Researchers looked to the skies in a new and novel research project with the Iowa Soybean Association’s (ISA) Research Center for Farming Innovation (RCFI). (Photo: Joseph L. Murphy/Iowa Soybean Association)
Drones hold promise for crop application efforts
January 14, 2021
Researchers looked to the skies in a new and novel research project with the Iowa Soybean Association’s (ISA) Research Center for Farming Innovation (RCFI).
Focused in southeast Iowa, ISA Field Service Manager Anthony Martin worked with area contract applicators using Rantizo, an agricultural drone spraying platform. Foliar products in fungicide, insecticide, and zinc were applied in late July and early August as first or second pass applications for given projects.
Using this system for replicated strip trials proved to be easy as one of the features is the ability to provide prescription maps the drone would apply. While other aerial application methods can provide some coverage to a predetermined area, the autonomous drone is pre-programmed to apply only in the designated area, providing for more precise application areas and lower chemical use to areas not targeted for application. Layering this type of precision in conjunction with mapping services may help farmers avoid over application to unstressed areas of the field.
In a single trial, strips of Delaro fungicide and insecticide were applied with a sprayer (66.5 bushels per acre) next to drone-applied (67.0 bushels per acre) and an Untreated Check (64.1 bushels per acre). From this single site, a few observations can be shared:
- Overall, there was virtually no difference between the application methods which we would consider a positive outcome.
- One of the benefits and goals of using drones is to have the variable rate capabilities and focus application efforts to those stressed areas instead of entire fields.
- Initial yield results and comparisons showed areas where applying no fungicide would have been the best option, indicating the potential for a variable application.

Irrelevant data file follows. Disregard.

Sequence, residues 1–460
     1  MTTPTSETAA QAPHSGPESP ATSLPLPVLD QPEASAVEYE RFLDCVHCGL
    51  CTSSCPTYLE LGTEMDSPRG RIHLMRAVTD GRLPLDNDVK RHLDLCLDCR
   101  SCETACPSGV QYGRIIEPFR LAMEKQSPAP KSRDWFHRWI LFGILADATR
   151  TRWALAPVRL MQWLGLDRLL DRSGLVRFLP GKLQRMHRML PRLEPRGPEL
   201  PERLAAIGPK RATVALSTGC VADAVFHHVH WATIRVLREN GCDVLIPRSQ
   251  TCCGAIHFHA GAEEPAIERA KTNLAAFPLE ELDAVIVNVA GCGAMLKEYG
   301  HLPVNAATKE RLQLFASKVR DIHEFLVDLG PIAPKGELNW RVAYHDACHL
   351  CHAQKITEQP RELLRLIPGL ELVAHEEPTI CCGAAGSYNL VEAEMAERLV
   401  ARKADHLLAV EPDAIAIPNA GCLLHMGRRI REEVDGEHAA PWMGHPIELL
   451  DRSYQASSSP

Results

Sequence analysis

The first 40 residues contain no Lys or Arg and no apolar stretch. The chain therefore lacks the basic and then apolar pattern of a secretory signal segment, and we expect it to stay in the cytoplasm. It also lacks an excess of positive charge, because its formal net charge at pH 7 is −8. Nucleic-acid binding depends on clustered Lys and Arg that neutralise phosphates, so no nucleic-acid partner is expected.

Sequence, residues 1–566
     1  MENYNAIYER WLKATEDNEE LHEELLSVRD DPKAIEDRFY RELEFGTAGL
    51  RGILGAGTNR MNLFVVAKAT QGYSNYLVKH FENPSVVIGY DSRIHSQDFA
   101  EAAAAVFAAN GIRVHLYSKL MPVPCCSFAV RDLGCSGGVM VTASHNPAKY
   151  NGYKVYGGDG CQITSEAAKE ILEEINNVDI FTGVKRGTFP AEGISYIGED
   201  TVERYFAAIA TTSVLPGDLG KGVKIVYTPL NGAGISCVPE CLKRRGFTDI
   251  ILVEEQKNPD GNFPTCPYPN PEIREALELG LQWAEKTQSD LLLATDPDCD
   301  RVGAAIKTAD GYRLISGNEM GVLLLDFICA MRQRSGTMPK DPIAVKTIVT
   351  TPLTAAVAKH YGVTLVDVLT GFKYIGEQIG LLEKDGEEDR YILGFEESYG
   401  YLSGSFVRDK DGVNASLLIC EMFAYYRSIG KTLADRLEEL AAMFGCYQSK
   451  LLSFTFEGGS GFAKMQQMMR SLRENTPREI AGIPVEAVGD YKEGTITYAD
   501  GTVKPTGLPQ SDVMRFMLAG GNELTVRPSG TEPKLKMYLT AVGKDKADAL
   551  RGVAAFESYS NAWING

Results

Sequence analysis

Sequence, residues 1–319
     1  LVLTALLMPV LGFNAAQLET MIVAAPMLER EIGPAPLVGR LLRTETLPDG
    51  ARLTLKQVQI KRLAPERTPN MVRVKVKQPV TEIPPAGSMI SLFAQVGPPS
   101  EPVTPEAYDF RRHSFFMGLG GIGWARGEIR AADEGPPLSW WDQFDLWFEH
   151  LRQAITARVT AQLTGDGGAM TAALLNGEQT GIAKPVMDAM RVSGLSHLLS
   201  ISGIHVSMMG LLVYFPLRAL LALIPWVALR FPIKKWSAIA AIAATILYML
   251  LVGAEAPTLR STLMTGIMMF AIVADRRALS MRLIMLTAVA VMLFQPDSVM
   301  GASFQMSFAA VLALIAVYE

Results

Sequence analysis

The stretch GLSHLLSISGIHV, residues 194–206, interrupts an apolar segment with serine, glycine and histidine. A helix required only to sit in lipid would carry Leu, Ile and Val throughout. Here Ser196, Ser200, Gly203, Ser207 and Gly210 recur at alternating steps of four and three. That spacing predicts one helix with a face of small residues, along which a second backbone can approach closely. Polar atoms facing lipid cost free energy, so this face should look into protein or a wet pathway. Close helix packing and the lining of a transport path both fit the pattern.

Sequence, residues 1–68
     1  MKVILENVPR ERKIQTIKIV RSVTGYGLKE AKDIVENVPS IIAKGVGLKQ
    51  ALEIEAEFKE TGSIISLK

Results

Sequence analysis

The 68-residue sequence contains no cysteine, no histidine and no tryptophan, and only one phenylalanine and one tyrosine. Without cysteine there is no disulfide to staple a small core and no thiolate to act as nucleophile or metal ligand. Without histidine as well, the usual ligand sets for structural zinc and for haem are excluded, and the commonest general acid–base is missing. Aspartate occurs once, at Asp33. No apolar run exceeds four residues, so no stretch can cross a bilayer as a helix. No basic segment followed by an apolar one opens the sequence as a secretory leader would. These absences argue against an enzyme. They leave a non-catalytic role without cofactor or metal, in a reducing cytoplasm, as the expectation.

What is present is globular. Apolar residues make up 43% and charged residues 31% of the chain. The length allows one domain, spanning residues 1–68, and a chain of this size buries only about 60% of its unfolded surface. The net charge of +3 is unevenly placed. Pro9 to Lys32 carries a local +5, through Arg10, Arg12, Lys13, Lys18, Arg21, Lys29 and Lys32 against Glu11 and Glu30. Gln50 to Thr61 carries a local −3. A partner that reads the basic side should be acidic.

- This effort focused on one site and more work will need to be done, specifically seeking a comparable ground method.
This was the first season of working with a drone application project and ISA field service managers are looking forward to learning more with future efforts. Drones can fly close to the crop, providing good coverage and reducing some drift often seen in other application methods. Additionally, these drones can be equipped with dry spreaders for potential fertilizer or cover crop applications.
While the drone system shows great potential for farmers around the state, there are considerations when looking at utilizing the technology. This approach has strong potential for farmers operating uneven and irregular shaped fields with terraces and point rows, but larger fields may be limited to spot applications or simply covering boundary rows. In addition, a contractor using a single drone is limited to the device’s battery life and tank space.
Presently, these drones can cover approximately 100 acres in a single day, but the ability to cover more acres will continue to improve as new technology is developed. A notable achievement in this space was the recently approved use of swarming or using multiple drones for applications.
To learn more, contact Anthony Martin, ISA senior field services manager, who contributed to this story.